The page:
Mordy: DSUM Bucks Bond Trend

November 19, 2013

Yield Of Dreams?

To be sure, the RMB and dim sum bonds are not a one-way bet. This year, with wider emerging market risk aversion, issuance has been driven by Chinese financials and not Western corporations (which arguably carry better credit quality). And, of course, China’s economic success is not guaranteed.

The above risks are valid. Deep skepticism remains large. And China’s growth is finally slowing. Its average annual GDP growth rate was 10 percent from 2002 through 2011. That era is now over.

Growth will almost surely moderate as a consequence of economic rebalancing (as investment declines as a share of GDP, from a very high level), reduced scope for productivity gains (as incomes rise and the pool of cheap labor from rural areas dries up) and demographic changes (as the country’s labor force peaks).

Yet calling for China’s collapse is overhyped. What is collapsing is China’s former neo-mercantilist economy of selling cheap goods to the West.

The new economy is focused on industrial upgrading and increased domestic consumption. This transition will require a move away from a reliance on U.S. funding and settlement. Recent figures are encouraging. In 2010, only 3 percent of China’s trade was transacted in renminbi. Last year, that figure had risen to more than 15 percent.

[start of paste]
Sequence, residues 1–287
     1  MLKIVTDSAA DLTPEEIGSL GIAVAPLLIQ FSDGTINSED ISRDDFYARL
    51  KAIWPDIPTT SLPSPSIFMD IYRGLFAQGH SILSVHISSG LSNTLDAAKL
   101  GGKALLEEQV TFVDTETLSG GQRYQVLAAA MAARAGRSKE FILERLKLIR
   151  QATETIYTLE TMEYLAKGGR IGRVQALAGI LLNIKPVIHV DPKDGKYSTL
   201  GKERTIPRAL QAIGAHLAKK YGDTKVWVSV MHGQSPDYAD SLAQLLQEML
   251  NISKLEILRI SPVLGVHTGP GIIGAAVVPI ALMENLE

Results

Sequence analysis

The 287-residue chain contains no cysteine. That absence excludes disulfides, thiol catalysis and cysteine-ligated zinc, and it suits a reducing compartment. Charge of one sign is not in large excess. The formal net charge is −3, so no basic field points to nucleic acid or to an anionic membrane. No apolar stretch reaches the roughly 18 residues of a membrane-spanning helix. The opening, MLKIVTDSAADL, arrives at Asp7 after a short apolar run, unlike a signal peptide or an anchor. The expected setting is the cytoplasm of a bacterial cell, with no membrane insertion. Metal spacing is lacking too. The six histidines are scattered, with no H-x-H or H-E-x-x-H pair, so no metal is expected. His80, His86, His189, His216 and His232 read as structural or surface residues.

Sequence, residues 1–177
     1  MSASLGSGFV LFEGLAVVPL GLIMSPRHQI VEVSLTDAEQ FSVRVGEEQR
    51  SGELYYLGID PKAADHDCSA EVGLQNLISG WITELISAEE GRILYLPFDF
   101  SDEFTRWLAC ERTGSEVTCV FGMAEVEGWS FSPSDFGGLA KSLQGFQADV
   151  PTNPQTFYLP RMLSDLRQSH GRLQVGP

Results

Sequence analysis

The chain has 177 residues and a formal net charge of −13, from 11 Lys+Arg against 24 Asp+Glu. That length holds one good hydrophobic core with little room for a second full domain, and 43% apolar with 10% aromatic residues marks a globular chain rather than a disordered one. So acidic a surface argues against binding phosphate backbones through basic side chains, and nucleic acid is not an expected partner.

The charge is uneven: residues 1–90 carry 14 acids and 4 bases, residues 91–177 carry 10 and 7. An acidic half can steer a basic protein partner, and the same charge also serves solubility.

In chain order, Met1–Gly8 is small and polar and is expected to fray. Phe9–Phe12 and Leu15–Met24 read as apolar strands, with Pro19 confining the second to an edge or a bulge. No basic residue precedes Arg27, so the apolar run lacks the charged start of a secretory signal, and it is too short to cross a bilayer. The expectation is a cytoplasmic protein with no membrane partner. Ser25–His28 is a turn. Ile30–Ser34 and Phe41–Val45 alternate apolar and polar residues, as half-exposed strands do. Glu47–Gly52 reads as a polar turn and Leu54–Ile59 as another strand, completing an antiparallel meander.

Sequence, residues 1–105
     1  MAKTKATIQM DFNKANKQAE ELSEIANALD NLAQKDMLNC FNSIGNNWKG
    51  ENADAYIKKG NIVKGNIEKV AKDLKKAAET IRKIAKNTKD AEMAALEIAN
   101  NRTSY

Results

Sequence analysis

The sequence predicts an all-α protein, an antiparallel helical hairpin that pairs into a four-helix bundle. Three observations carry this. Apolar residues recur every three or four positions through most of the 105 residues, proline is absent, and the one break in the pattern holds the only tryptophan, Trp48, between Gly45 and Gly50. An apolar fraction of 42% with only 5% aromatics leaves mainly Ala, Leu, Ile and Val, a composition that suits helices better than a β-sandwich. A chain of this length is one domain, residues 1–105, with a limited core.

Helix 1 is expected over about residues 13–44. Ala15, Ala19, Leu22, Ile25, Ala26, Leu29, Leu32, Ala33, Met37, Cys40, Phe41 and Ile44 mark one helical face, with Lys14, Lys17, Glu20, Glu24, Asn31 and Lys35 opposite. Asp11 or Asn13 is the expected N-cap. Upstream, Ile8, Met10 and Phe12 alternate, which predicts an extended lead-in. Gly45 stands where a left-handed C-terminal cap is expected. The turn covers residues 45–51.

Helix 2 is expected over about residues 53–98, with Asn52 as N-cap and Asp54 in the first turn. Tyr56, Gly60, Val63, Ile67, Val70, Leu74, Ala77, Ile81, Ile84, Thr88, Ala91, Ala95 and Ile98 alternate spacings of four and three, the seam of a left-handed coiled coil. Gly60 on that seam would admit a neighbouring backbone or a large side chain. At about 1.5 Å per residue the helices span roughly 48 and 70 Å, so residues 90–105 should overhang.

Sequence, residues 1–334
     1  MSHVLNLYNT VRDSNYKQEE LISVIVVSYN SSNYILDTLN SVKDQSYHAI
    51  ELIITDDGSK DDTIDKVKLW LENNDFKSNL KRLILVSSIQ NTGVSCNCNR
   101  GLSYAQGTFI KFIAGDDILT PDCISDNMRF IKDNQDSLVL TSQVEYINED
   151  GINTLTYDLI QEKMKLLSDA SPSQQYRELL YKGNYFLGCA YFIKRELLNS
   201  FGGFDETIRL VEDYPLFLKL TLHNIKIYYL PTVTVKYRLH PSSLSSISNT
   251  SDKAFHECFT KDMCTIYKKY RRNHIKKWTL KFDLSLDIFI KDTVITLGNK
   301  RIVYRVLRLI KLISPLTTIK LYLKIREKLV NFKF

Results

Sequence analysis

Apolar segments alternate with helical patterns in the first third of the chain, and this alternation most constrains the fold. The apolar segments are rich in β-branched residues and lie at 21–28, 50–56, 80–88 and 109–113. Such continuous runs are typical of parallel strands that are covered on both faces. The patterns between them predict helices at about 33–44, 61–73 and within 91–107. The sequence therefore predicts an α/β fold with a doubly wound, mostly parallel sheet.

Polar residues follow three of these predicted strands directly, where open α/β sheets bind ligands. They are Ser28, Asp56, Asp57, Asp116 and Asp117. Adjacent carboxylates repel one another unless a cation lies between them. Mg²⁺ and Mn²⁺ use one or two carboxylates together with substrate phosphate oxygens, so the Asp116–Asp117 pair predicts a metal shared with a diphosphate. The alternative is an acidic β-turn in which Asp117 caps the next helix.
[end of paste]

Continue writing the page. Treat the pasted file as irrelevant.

Conclusion: Go The Distance

This is our first article in what will be a longer-running series. It may seem strange that we have chosen dim sum bonds—an esoteric part of the investing universe—as our opening shot.

But this topic precisely gets to the heart of macro ETF investing. It isn’t about trading the latest hot stock. It’s about spotting big-picture trends—anticipating the next “field of dreams”—before they emerge into the mainstream.

The great promise of building ETF portfolios this way is broader diversification, better risk management and not remaining hostage to traditionally rigid asset-allocation approaches, which have fared poorly in recent years.

ETF strategists understand this. We may not be hearing voices from dead baseball players, but we are earnestly building structures for a better way of investing.

It’s early days, but investors are already showing up.

Endnotes

¹Data according to SWIFT

²Jakarta Post, “Renminbi towards internationalization,” Nov. 4, 2013

³See GaveKal Research, “Our Currency and Your Problem,” Sept. 26, 2012


Tyler Mordy, president and co-chief investment officer of Hahn Investment Stewards, is a recognized innovator in the design and application of global macro ETF managed portfolios. He is widely interviewed by the financial media for his global investment strategy views, as well as ETF trends. CNBC has called him one of the “best independent ETF experts.”

Contact Tyler at [email protected]888.419.6715www.hahninvest.com.

 

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